Obama pledges to expand Bush's aid to religious charities
Though President George W. Bush's "faith-based initiatives" - which give government money to religious groups for charity work - have been one of the most controversial programs of his presidency, Barack Obama has pledged to expand them if he is elected president. This decision is likely to irk many Democrats and civil liberties groups who believe the program infringes on the principle of seperation of church and state. As Obama positions himself to the center now that the primary season is over, he runs the risk of alienating his core liberal supporters, particularly those who supported Clinton during the primary.
Barack Obama pledged Tuesday to expand a controversial White House program that funnels federal money to religious charities, embracing a core piece of President Bush's legacy as he tries to win over Republican-leaning evangelical voters.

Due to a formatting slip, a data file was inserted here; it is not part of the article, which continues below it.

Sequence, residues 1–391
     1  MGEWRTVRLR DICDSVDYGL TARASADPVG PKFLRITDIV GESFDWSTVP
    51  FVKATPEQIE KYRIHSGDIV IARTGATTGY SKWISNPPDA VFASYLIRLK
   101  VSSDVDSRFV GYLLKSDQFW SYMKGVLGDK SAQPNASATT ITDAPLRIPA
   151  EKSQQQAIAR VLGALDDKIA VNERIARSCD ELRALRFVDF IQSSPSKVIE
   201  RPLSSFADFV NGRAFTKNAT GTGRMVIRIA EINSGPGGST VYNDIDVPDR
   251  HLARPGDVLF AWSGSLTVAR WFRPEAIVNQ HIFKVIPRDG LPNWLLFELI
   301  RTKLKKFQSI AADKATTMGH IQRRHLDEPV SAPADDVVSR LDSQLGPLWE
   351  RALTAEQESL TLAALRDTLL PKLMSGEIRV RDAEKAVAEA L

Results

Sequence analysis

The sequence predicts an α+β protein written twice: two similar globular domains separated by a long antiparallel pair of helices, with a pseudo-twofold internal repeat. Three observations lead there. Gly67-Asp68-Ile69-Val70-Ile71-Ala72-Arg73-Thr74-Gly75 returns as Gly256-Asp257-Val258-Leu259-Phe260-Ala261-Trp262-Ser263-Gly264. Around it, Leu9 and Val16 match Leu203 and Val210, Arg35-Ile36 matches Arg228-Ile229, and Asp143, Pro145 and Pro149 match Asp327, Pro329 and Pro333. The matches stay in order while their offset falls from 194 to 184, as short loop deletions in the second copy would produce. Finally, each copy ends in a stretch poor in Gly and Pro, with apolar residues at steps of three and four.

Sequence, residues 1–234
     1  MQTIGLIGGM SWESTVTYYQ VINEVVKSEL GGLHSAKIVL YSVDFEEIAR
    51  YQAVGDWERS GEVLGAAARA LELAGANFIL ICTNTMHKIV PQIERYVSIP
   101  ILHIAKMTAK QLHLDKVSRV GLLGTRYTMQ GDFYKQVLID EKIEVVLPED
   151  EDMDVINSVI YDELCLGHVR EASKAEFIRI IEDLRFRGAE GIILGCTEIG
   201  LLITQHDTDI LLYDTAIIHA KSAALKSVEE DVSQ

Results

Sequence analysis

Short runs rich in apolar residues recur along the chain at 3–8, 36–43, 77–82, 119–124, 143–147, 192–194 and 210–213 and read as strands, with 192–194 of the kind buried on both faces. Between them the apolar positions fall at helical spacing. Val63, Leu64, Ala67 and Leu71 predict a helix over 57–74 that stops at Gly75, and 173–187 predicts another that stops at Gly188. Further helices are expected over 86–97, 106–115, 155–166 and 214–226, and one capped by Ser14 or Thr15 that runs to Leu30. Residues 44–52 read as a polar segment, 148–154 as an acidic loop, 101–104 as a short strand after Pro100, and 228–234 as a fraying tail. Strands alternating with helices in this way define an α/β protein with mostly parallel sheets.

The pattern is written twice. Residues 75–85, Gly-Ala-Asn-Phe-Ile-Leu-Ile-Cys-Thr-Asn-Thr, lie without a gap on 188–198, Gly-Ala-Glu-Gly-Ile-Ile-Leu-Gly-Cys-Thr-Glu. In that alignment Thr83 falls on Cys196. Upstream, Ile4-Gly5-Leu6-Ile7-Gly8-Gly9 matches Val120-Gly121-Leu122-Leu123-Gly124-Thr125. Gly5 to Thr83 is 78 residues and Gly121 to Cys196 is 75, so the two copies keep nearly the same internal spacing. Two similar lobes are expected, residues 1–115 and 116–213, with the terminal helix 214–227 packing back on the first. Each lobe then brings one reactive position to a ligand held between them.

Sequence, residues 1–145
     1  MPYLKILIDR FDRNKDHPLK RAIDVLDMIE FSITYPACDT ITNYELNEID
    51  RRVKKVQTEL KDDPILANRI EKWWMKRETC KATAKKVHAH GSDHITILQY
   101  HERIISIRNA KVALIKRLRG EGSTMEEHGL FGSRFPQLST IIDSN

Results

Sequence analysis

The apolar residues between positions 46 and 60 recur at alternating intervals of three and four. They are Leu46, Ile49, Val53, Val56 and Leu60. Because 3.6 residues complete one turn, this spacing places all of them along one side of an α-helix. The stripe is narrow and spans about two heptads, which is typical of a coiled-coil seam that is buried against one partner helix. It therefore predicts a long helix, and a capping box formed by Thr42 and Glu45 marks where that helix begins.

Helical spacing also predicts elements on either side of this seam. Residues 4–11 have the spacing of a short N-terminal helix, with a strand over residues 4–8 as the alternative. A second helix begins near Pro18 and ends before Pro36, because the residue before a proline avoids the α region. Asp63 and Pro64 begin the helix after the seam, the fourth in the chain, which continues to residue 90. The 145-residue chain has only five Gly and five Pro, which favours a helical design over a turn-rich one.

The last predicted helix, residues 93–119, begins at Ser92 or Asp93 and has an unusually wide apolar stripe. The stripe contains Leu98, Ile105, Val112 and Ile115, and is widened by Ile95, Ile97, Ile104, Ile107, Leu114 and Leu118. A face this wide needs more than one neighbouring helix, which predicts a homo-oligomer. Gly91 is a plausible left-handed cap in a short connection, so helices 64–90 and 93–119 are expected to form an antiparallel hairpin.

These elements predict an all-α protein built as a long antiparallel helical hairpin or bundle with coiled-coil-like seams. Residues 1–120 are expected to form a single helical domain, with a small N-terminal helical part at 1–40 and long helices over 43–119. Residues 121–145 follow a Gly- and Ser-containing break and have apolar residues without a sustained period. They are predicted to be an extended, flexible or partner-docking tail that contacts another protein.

The presumed Democratic presidential nominee said he would make it easier for churches and small community groups to win grants and would spend $500 million to help schools and churches run summer reading programs.
Obama delivered his speech at the Eastside Community Ministry in this key battleground state, home to many of the religious voters who backed Bush. With his proposal, the Illinois senator embraced a theme that has been closely associated with Republicans -- and one that has drawn scorn from many Democrats and civil liberties groups who believe it infringes church-state separation.
"I know there are some who bristle at the notion that faith has a place in the public square," Obama said. "But the fact is, leaders in both parties have recognized the value of a partnership between the White House and faith-based groups."
Obama, who worked for a Roman Catholic group as a community organizer in Chicago in the early 1980s, said the "challenges we face today -- from saving our planet to ending poverty -- are simply too big for government to solve alone."